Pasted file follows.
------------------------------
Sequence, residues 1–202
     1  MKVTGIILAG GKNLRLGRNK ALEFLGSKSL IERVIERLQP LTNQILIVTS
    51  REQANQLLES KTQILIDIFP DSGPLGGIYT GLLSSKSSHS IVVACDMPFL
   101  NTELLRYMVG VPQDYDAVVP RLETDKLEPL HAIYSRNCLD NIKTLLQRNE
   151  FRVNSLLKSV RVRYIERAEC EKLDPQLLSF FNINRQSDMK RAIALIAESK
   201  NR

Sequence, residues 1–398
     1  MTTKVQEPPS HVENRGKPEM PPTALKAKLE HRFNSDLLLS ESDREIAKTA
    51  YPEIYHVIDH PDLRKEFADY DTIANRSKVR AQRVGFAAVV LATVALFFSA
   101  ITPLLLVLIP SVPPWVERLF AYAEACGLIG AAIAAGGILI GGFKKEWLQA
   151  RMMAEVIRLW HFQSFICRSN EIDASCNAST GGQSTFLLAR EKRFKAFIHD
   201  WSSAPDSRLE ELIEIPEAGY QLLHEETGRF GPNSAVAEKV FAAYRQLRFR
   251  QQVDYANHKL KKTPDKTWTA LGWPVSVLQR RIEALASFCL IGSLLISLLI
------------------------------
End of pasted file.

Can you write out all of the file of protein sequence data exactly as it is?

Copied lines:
Sequence, residues 1–202
     1  MKVTGIILAG GKNLRLGRNK ALEFLGSKSL IERVIERLQP LTNQILIVTS
    51  REQANQLLES KTQILIDIFP DSGPLGGIYT GLLSSKSSHS IVVACDMPFL
   101  NTELLRYMVG VPQDYDAVVP RLETDKLEPL HAIYSRNCLD NIKTLLQRNE
   151  FRVNSLLKSV RVRYIERAEC EKLDPQLLSF FNINRQSDMK RAIALIAESK
   201  NR

Sequence, residues 1–398
     1  MTTKVQEPPS HVENRGKPEM PPTALKAKLE HRFNSDLLLS ESDREIAKTA
    51  YPEIYHVIDH PDLRKEFADY DTIANRSKVR AQRVGFAAVV LATVALFFSA
   101  ITPLLLVLIP SVPPWVERLF AYAEACGLIG AAIAAGGILI GGFKKEWLQA
   151  RMMAEVIRLW HFQSFICRSN EIDASCNAST GGQSTFLLAR EKRFKAFIHD
   201  WSSAPDSRLE ELIEIPEAGY QLLHEETGRF GPNSAVAEKV FAAYRQLRFR
   251  QQVDYANHKL KKTPDKTWTA LGWPVSVLQR RIEALASFCL IGSLLISLLI